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CHMOD(2)                   Linux Programmer's Manual                  CHMOD(2)

       chmod, fchmod - change permissions of a file

       #include <sys/stat.h>

       int chmod(const char *path, mode_t mode);
       int fchmod(int fd, mode_t mode);

   Feature Test Macro Requirements for glibc (see feature_test_macros(7)):

       fchmod(): _BSD_SOURCE || _XOPEN_SOURCE >= 500

       These system calls change the permissions of a file.  They differ only in how the file is specified:

       * chmod()  changes the permissions of the file specified whose pathname is given in path, which is dereferenced
         if it is a symbolic link.

       * fchmod() changes the permissions of the file referred to by the open file descriptor fd.

       The new file permissions are specified in mode, which is a bit mask created by ORing together zero or  more  of
       the following:

       S_ISUID  (04000)  set-user-ID (set process effective user ID on execve(2))

       S_ISGID  (02000)  set-group-ID (set process effective group ID on execve(2); mandatory locking, as described in
                         fcntl(2); take a new file's group  from  parent  directory,  as  described  in  chown(2)  and

       S_ISVTX  (01000)  sticky bit (restricted deletion flag, as described in unlink(2))

       S_IRUSR  (00400)  read by owner

       S_IWUSR  (00200)  write by owner

       S_IXUSR  (00100)  execute/search  by owner ("search" applies for directories, and means that entries within the
                         directory can be accessed)

       S_IRGRP  (00040)  read by group

       S_IWGRP  (00020)  write by group

       S_IXGRP  (00010)  execute/search by group

       S_IROTH  (00004)  read by others

       S_IWOTH  (00002)  write by others

       S_IXOTH  (00001)  execute/search by others

       The effective UID of the calling process must match the owner of the file, or the process  must  be  privileged
       (Linux: it must have the CAP_FOWNER capability).

       If the calling process is not privileged (Linux: does not have the CAP_FSETID capability), and the group of the
       file does not match the effective group ID of the process or one of its supplementary group  IDs,  the  S_ISGID
       bit will be turned off, but this will not cause an error to be returned.

       As  a  security  measure,  depending on the file system, the set-user-ID and set-group-ID execution bits may be
       turned off if a file is written.  (On Linux this occurs if the writing process does  not  have  the  CAP_FSETID
       capability.)   On  some file systems, only the superuser can set the sticky bit, which may have a special mean-
       ing.  For the sticky bit, and for set-user-ID and set-group-ID bits on directories, see stat(2).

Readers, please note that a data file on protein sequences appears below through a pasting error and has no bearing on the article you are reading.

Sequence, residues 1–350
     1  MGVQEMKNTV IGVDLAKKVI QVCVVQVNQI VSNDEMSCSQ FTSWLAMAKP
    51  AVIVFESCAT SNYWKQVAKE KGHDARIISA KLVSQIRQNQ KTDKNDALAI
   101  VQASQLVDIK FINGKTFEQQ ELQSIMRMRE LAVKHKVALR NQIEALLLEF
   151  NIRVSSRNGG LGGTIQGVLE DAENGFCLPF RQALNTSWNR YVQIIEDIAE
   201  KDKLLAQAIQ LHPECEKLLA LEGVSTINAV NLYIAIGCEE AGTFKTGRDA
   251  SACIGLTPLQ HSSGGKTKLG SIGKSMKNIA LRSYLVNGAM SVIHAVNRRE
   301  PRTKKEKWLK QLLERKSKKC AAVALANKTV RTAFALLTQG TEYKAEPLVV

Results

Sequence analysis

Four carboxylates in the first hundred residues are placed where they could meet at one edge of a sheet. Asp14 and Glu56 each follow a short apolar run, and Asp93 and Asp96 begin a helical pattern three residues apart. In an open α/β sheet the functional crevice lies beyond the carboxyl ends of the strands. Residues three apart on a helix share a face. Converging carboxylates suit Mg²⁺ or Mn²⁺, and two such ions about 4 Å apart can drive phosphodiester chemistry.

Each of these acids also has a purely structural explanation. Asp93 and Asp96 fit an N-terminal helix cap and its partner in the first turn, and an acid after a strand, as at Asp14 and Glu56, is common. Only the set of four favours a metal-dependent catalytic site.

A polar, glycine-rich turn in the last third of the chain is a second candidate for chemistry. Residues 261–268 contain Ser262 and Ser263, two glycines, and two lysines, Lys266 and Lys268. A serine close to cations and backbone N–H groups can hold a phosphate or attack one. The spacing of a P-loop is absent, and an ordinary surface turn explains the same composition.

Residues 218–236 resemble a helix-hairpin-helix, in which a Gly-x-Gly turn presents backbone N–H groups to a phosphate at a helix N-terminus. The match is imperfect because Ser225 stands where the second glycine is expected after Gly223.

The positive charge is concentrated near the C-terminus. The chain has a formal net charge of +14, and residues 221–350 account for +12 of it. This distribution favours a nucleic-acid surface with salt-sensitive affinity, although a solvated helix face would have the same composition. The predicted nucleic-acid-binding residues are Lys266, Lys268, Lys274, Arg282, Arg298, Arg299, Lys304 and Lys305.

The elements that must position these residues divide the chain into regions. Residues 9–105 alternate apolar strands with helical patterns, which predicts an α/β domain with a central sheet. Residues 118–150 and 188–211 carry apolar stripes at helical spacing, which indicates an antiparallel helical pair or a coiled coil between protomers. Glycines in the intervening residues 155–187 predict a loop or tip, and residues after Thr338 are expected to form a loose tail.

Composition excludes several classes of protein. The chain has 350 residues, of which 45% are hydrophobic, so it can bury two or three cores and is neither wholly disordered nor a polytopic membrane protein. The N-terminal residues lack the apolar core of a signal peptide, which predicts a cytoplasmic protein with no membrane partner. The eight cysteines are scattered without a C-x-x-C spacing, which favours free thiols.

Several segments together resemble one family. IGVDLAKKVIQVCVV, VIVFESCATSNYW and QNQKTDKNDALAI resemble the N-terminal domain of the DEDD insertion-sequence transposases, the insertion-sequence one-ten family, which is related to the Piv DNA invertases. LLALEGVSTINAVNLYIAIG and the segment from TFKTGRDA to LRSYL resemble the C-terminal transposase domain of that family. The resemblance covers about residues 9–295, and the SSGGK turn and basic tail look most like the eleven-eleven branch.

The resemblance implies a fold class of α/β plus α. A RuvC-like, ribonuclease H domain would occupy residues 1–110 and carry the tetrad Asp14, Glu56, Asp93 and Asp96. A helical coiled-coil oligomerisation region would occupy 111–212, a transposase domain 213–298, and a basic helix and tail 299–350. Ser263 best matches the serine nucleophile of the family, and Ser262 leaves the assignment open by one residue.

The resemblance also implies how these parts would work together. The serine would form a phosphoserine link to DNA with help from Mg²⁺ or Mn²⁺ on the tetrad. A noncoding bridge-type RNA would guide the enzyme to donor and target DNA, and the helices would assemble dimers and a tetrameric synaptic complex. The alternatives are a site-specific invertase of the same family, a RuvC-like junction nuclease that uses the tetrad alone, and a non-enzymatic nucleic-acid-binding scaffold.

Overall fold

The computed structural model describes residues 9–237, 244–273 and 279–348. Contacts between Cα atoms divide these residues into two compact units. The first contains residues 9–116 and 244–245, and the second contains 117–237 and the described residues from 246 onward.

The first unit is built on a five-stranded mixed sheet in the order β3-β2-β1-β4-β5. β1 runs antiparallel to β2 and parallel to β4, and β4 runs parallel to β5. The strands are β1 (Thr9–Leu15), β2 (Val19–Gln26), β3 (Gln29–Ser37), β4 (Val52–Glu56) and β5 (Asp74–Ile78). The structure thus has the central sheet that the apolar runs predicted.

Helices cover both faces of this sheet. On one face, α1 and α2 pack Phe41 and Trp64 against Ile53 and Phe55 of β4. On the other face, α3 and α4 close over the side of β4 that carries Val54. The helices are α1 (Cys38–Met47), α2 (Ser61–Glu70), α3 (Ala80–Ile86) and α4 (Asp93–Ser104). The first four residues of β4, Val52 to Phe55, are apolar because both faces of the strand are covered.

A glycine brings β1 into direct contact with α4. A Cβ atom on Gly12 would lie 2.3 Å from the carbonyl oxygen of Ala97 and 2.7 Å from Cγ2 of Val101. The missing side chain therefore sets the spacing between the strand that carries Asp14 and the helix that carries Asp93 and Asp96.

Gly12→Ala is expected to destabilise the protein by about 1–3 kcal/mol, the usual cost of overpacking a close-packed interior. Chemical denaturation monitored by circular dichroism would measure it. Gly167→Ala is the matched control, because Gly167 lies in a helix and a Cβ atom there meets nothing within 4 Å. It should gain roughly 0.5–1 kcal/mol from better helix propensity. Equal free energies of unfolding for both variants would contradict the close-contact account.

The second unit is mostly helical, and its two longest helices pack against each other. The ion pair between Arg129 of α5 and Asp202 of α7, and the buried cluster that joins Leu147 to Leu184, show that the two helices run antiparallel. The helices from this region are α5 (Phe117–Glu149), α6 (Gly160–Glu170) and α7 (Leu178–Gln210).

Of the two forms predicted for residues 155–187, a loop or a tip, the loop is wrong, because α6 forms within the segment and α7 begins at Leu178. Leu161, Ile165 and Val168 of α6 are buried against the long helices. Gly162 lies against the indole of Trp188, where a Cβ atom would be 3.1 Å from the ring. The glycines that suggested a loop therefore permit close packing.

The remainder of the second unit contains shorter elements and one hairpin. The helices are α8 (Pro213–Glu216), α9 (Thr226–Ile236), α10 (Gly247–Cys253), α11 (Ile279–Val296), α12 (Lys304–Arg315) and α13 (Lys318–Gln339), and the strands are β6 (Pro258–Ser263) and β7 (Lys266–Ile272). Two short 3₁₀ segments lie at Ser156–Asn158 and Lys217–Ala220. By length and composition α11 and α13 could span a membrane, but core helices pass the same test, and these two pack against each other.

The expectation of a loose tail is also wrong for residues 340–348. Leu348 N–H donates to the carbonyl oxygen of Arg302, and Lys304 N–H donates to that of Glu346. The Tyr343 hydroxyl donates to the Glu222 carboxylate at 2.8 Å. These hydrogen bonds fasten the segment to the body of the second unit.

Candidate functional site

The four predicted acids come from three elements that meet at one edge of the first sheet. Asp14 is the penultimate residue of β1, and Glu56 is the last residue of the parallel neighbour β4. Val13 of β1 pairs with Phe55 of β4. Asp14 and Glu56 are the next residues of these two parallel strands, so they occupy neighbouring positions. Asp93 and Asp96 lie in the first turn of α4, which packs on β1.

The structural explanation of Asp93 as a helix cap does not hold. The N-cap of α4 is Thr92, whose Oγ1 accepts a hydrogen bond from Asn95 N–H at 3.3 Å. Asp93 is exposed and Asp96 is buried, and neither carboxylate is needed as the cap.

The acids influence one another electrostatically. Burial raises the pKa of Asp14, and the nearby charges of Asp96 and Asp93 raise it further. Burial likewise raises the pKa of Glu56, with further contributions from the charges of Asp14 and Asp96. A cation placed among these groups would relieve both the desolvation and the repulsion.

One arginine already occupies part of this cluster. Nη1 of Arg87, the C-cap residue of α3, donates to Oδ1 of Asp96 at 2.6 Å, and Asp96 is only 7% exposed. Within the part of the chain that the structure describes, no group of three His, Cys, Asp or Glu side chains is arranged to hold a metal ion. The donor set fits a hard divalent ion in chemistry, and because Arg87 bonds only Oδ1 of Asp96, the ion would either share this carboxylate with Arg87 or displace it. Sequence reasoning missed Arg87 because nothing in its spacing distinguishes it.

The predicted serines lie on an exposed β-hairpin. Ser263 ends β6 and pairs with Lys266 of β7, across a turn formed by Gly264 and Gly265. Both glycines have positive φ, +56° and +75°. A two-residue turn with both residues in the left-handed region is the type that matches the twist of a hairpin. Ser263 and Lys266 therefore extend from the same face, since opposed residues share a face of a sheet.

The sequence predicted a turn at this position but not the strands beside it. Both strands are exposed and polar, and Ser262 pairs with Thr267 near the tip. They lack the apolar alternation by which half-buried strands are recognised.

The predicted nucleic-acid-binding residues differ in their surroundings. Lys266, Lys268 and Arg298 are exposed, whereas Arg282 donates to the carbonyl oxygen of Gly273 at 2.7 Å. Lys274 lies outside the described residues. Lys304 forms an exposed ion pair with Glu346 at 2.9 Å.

On NFS file systems, restricting the permissions will immediately influence already  open  files,  because  the
       access  control  is  done on the server, but open files are maintained by the client.  Widening the permissions
       may be delayed for other clients if attribute caching is enabled on them.

       On success, zero is returned.  On error, -1 is returned, and errno is set appropriately.

       Depending on the file system, other errors can be returned.  The more general errors  for  chmod()  are  listed

       EACCES Search permission is denied on a component of the path prefix.  (See also path_resolution(7).)

       EFAULT path points outside your accessible address space.

       EIO    An I/O error occurred.

       ELOOP  Too many symbolic links were encountered in resolving path.

              path is too long.

       ENOENT The file does not exist.

       ENOMEM Insufficient kernel memory was available.

              A component of the path prefix is not a directory.

       EPERM  The  effective  UID  does  not match the owner of the file, and the process is not privileged (Linux: it
              does not have the CAP_FOWNER capability).

       EROFS  The named file resides on a read-only file system.

       The general errors for fchmod() are listed below:

       EBADF  The file descriptor fd is not valid.

       EIO    See above.

       EPERM  See above.

       EROFS  See above.

       4.4BSD, SVr4, POSIX.1-2001.

       chown(2), execve(2), fchmodat(2), open(2), stat(2), path_resolution(7)

       This page is part of release 3.22 of the Linux man-pages project.  A description of the project,  and  informa-
       tion about reporting bugs, can be found at

Linux                             2008-05-26                          CHMOD(2)